From here, it's easier to think of the big picture. If you care a lot about this issue, I really recommend reading Tara Smith's book so you don't get bogged down in thinking primarily about exertion of energy. It's relevant, but doesn't say much about the ways force can deny freedom of action. And yeah, I'm leaving a lot out from the argument, but it's definitely a different direction of reasoning than you are using now.

 

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1 hour ago, Eiuol said:

Is "your money or your life" is wrong because you are not allowed to choose your life? Certainly not, you can do so and you won't be killed. In fact, you aren't even denied the option to choose what is good for you. You are perfectly welcome to pick your life and get rid of your money, because your money is a lesser value. Pretty easy to pick the good choice.

Choice is one thing, a choice to do what you want is another. A freedom to do x, is having the choice to do x.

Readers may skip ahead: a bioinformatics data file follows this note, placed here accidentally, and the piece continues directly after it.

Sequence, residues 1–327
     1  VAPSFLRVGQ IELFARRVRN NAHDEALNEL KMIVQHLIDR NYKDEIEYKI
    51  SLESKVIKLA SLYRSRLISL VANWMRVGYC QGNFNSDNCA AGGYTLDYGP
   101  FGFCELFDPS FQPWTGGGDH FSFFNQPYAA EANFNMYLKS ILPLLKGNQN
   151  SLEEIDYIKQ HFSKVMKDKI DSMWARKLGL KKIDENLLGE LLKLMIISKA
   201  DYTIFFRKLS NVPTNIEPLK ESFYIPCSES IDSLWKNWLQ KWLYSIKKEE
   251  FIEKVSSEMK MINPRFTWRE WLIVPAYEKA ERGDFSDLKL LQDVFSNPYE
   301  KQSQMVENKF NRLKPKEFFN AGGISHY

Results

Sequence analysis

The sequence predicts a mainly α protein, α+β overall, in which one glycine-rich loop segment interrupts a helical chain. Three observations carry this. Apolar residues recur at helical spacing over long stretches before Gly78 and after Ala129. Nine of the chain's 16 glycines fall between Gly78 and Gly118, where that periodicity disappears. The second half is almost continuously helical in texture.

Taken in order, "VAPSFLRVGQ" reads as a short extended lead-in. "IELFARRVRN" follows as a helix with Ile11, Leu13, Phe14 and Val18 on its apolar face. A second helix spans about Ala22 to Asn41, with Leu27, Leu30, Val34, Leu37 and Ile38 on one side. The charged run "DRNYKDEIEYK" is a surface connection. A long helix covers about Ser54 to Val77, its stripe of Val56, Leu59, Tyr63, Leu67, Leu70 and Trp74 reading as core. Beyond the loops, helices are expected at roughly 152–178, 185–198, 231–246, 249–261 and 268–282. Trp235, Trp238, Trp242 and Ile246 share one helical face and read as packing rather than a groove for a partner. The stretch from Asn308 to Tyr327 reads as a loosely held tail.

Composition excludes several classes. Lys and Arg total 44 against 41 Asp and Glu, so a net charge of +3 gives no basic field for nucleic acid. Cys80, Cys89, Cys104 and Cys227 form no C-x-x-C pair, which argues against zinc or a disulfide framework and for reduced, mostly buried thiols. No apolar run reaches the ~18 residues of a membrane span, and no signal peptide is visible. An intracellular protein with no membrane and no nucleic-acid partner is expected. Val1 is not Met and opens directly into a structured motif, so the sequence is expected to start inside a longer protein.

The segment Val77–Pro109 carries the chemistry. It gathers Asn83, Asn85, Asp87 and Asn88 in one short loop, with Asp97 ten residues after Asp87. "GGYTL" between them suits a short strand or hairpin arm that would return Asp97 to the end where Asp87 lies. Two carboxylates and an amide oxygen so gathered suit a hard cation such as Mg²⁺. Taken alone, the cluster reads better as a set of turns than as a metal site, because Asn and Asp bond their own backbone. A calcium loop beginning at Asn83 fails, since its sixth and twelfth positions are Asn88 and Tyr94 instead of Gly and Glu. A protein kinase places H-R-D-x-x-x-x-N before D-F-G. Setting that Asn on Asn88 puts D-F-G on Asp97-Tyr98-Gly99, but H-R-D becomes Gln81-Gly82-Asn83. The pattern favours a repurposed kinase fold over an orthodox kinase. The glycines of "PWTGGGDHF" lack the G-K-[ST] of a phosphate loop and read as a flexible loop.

The way you are formulating it, "voluntary" ends up having no meaning at all. EVERYTHING is voluntary. You always have a choice. (as in you are always free)

But when you have gun to your head, you can't go where you were going to go without this interference.

Similarly, if you were tricked into thinking such and such investment is good by someone you trusted, you were not "allowed" to see the truth which you would have done without this interference.

Force within this context is a certain kind of interference. Ultimately "force" is an interference with the good/freedom that you deserve (although that is a circular definition but in the end it still fits). A metaphoric judge would have to determine what was deserved in the end.

The words "choice" and "interference" are being used within the overall context.

2 hours ago, Eiuol said:

The key is loss of control over something you already control.

That phrase sounds good (within the context indicating interference). Outside the context, one could ask, did he deserve that control in the first place. In that case it would not be a mugger but a police that is retrieving what was stolen.

2 hours ago, Eiuol said:

Any choice presented by someone is interference.